Curcumin prevents perfluorooctane sulfonate-induced genotoxicity and oxidative DNA damage in rat peripheral blood.
Drug Chem Toxicol. 2015 May 7:1-7. Epub 2015 May 7. PMID: 25950456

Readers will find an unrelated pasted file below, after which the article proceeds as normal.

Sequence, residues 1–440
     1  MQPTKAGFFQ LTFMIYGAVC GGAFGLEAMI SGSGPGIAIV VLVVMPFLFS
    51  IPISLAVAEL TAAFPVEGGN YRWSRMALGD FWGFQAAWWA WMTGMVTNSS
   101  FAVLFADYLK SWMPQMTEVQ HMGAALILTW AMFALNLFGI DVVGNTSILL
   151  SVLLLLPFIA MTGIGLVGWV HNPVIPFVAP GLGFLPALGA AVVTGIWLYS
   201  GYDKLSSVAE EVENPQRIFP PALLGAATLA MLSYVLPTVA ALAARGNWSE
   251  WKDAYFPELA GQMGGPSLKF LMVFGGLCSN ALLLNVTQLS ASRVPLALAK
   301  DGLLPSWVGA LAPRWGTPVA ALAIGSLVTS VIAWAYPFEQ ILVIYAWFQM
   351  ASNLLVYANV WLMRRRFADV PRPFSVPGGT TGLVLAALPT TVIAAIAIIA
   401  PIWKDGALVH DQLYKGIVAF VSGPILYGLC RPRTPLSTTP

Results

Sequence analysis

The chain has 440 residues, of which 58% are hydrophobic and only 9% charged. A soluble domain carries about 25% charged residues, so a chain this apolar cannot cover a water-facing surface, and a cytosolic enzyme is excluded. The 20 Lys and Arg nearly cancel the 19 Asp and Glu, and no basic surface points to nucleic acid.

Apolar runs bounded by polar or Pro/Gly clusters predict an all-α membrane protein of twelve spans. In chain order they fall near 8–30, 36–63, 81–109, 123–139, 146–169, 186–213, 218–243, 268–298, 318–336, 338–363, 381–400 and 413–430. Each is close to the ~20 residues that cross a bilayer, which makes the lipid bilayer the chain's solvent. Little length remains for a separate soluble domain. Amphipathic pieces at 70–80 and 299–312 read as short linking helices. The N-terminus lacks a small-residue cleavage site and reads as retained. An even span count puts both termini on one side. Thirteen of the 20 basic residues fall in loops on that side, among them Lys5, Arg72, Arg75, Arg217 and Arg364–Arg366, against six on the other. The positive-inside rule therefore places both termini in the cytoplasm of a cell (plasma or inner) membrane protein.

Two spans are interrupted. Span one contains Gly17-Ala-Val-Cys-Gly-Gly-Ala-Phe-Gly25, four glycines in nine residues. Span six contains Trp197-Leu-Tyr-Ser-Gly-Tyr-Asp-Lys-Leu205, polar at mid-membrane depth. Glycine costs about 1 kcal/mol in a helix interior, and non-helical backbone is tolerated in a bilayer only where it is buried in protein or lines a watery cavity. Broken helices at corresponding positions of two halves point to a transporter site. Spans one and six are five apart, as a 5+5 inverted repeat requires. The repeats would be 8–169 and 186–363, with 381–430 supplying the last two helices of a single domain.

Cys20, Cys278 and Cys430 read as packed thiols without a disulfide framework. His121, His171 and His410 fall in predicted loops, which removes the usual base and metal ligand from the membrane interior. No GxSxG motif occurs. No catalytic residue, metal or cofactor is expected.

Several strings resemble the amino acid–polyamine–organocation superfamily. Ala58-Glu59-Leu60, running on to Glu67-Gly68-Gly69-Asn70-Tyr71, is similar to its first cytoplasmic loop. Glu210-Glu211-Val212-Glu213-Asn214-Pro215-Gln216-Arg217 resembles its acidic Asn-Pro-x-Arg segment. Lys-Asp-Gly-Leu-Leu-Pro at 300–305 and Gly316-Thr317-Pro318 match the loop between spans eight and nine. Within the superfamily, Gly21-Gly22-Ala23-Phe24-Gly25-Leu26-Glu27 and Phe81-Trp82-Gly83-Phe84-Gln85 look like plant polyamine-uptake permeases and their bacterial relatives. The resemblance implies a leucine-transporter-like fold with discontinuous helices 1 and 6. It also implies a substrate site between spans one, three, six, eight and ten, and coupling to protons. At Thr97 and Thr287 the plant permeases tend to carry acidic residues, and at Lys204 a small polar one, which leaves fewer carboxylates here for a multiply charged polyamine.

Perfluorooctane sulfonate (PFOS) is a man-made fluorosurfactant and global pollutant. PFOS a persistent and bioaccumulative compound, and it is widely distributed in humans and wildlife. Therefore, it was added to Annex B of the Stockholm Convention on Persistent Organic Pollutants in May 2009. Curcumin is a natural polyphenolic compound abundant in the rhizome of the perennial herb turmeric. It is commonly used as a dietary spice and coloring agent in cooking and anecdotally as an herb in traditional Asian medicine. In this study, male rats were treated with three different PFOS doses (0.6, 1.25, and 2.5 mg/kg) and one dose of curcumin, from Curcuma longa (80 mg/kg), and combined three doses of PFOS with 80 mg/kg dose of curcumin by gavage for 30 d at 48 h intervals. Here, we investigated the DNA damage via single-cell gel electrophoresis/comet assay and micronucleus test in rat peripheral blood in vivo. It is found that all doses of PFOS increased micronucleus frequency (p < 0.05) and strongly induced DNA damage in peripheral blood in two different parameters; the damaged cell percent and genetically damage index, and curcumin prevented the formation of DNA damage induced by PFOS. Results showed that curcumin inhibited DNA damage including GDI at certain levels at statistical manner, 30.07%, 54.41%, and 36.99% for 0.6 mg/kg, 1.25 mg/kg, and 2.5 mg/kg.